To show children just what plants do with all the H2O we give them, I added a little twist on a classic kids’ science experiment by dyeing a single flower not one but TWO colors. I have to say, this was a whole lot trickier than I had anticipated, but the results made the struggle worthwhile!

Follow the step-by-step below and then grab 30 more kid-friendly science experiments (plus a no prep science journal to keep track of their results!) in our shop!

Getting Ready

To start, I gathered a few supplies:


  • 3-6 white flowers (The thick stems of gerbera daisies work best. I picked up extra in case the stems snapped.)
  • 4 glass cups (narrow jars or vases work well, too.)
  • Food coloring (or liquid watercolors)
  • A cutting board
  • A sharp knife

Then, I filled the four glasses with water and asked my daughter, A, to squeeze 30 drops of dye into each glass.

We decided to make the first glass red, the second yellow, the third blue, and the final glass red again.  We wanted to see if the primary color dye would mix in the petals to create a secondary color.


After I trimmed the flowers to fit in the glasses, I very carefully cut the stems up the center of the stem.  This was easier said than done and I’m glad the bunch of flowers I bought came with extras to cover my mishaps.

I discovered that the thicker stems of the gerbera daisies were the easiest to cut.  (Our chrysanthemums didn’t work as well.) I made sure not to cut much longer than the length of the glass.  I didn’t want the stem that was out of the water to dry out and stop transporting water.  Be sure to take great care with this kids’ science experiment!


When the stems were cut, my daughter gently placed each flower into the dyes, putting one side of the stem in one cup and the other side into another cup.

Now all we had to do was wait.  (I recommend starting in the morning so you can observe the changes throughout the day.)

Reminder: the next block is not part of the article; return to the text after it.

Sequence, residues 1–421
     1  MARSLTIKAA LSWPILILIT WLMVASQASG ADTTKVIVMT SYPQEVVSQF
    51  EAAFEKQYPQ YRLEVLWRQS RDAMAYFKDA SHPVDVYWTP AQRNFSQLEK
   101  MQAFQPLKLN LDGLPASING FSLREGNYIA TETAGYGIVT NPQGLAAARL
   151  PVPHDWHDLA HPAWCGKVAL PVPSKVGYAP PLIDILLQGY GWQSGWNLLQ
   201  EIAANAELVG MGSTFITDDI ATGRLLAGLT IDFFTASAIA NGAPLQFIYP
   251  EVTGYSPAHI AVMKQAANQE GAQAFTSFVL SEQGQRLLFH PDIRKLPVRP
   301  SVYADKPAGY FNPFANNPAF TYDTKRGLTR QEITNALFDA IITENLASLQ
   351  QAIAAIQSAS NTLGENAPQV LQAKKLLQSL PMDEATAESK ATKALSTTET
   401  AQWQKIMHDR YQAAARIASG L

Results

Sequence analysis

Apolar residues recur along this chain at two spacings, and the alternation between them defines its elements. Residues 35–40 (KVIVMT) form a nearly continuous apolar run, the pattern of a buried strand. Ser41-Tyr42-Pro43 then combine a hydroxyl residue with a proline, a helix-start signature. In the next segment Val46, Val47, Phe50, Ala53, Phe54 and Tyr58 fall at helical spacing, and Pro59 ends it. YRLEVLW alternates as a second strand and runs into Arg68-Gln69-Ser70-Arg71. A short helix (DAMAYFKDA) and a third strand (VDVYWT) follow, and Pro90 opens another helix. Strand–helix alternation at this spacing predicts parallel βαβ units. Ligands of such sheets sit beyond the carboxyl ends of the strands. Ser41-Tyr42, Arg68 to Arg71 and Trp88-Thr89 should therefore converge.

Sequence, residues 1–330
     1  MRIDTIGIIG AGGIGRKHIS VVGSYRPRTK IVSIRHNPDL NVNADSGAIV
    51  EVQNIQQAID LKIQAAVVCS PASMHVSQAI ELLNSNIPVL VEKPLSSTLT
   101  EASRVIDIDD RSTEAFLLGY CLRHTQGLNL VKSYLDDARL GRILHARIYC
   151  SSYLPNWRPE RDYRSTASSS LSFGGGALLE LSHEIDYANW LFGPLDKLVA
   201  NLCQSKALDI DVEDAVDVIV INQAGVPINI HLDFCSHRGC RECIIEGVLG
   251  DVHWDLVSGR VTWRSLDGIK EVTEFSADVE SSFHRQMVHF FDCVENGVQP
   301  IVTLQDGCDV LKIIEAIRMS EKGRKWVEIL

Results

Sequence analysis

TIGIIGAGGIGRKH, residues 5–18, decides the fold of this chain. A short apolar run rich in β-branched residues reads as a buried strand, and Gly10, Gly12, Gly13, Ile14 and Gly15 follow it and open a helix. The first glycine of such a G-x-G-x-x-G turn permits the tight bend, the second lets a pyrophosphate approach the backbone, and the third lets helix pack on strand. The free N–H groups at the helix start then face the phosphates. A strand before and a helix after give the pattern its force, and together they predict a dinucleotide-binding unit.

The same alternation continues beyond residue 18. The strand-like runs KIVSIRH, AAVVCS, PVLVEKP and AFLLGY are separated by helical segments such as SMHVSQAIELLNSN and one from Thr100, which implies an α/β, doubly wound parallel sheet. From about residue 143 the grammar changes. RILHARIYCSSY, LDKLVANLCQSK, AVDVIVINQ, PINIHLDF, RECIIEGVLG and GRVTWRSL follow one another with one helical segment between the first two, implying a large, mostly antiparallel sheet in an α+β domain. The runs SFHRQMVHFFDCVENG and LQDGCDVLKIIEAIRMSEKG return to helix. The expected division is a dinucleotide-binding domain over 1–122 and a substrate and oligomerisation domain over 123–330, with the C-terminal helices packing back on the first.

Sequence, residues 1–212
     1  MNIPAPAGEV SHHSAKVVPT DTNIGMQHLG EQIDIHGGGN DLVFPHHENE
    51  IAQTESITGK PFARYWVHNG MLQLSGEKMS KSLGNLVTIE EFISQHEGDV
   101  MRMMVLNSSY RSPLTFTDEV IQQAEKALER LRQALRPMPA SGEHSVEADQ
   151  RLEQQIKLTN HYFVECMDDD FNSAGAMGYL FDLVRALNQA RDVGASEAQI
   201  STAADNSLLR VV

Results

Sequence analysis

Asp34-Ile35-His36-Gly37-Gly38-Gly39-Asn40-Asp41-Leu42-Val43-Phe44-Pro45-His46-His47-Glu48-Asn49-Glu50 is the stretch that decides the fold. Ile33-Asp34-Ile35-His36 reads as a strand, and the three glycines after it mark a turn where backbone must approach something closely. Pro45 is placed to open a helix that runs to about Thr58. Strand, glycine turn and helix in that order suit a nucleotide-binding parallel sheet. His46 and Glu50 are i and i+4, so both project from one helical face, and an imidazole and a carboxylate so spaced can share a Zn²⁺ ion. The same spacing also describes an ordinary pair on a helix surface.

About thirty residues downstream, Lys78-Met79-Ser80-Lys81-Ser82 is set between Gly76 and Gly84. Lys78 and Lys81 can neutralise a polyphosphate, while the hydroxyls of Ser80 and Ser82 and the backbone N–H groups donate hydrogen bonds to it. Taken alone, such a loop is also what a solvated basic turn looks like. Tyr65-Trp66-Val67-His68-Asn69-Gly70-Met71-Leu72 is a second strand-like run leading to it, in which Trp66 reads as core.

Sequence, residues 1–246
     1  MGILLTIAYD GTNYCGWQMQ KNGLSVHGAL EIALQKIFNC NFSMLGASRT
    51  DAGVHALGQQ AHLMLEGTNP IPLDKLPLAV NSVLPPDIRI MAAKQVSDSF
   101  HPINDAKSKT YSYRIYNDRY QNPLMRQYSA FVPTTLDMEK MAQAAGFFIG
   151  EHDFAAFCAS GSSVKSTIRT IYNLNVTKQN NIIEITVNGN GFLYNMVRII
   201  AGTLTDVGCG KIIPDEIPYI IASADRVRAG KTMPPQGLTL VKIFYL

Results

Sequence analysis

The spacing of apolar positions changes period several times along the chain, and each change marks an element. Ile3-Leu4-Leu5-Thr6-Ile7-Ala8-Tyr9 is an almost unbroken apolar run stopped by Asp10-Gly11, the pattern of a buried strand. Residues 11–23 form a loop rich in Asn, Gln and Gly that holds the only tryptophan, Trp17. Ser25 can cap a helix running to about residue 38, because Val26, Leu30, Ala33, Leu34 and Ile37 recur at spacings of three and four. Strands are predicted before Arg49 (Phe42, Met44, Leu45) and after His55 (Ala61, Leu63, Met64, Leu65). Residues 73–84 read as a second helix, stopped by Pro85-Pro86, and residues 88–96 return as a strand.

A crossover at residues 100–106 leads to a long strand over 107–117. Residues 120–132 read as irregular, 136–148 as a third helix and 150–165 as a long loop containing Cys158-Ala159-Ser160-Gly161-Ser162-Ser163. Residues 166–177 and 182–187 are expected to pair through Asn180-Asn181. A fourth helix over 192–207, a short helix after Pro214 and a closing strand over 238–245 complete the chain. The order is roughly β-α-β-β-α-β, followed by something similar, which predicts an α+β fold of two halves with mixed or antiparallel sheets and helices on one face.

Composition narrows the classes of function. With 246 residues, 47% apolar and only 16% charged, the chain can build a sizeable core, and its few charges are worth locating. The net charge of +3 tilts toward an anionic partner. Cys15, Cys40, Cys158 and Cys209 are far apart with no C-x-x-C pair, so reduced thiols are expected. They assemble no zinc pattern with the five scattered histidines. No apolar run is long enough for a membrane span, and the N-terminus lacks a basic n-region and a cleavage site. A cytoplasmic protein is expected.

Kids’ Science: Making Bicolor Flowers

I asked my daughter to predict what was going to happen.  She correctly guessed that the flower would “suck up the colored water,” but she didn’t expect the dye to affect the flower color.

When I asked if she thought the different dyes would  “suck up” at the same speed, she predicted her favorite color, red, would be the fastest.

It took less than an hour to start seeing dye in the very tips of the petals.

Several hours later, we could clearly see the colors – especially in the center. We were all pretty surprised at how quickly transpiration happened.  One of the great things about this kids’ science experiment is that you don’t have to wait very long!

Kids' Science: Bicolor Flowers.

The blue dye transpired the quickest, followed by the red, which disappointed A. (Her favorite color wasn’t the fastest, after all.)

We left the flowers over night and awoke to find the colors had reached most of the petals.

The flowers were pretty much half one color and half the other, with no mixing of colors. We decided to leave the flowers for a few more days to see what would happen.

“They are so bright!” A shouted when we checked on them later in the week.

I removed the flowers so my daughter could examine them.  After looking closer, she noticed there was a slight mixing of colors between the two halves.

“Green!  The blue and yellow made green!” she exclaimed.

The Science Behind It

Initially plants “drink” water through their roots.  Once inside the stem, tiny tubes called xylem that run up the stem transport the water to the plant’s leaves and flowers.  The water can travel up the xylem because of a few processes: transpiration, cohesion and capillary action.

Transpiration or plant “drinking” happens when water molecules evaporating from the plants leave and flowers “pull” other water molecules up to fill the empty space behind it.  This is what happens when you suck on a straw, except in plants the evaporating water is providing the suction instead of your mouth.

The “pull” or cohesion between water molecules happens because water molecules like to stick to each other and to the xylem.  Capillary action, the ability of a liquid to flow in narrow spaces against gravity, occurs in plants because water is attracted to the sides of the tiny straw-like xylem and to each other.

By splitting the stems, we showed how the xylem run all the way from the bottom of the stem to the petals of the flower.

30 More Kid-Friendly Science Experiments

Grab 30 easy-to-follow science experiments kids will beg to repeat (plus a no prep science journal to keep track of their results!) in our shop!

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  1. At school we use a black food coloring gel, which actually seperates in the petals.

    1. Sounds super cool Frank. Thanks for sharing your tip. I’ll have to get myself some flowers to try this!

  2. Hi I am going to try this out this week. I used roses last year. I will try the daisies this time. I would like to try black colour too. The children absolutely love this experiment..Thank you.

    1. We would love to see how it turns out!

      Ashley // Happiness Ambassador

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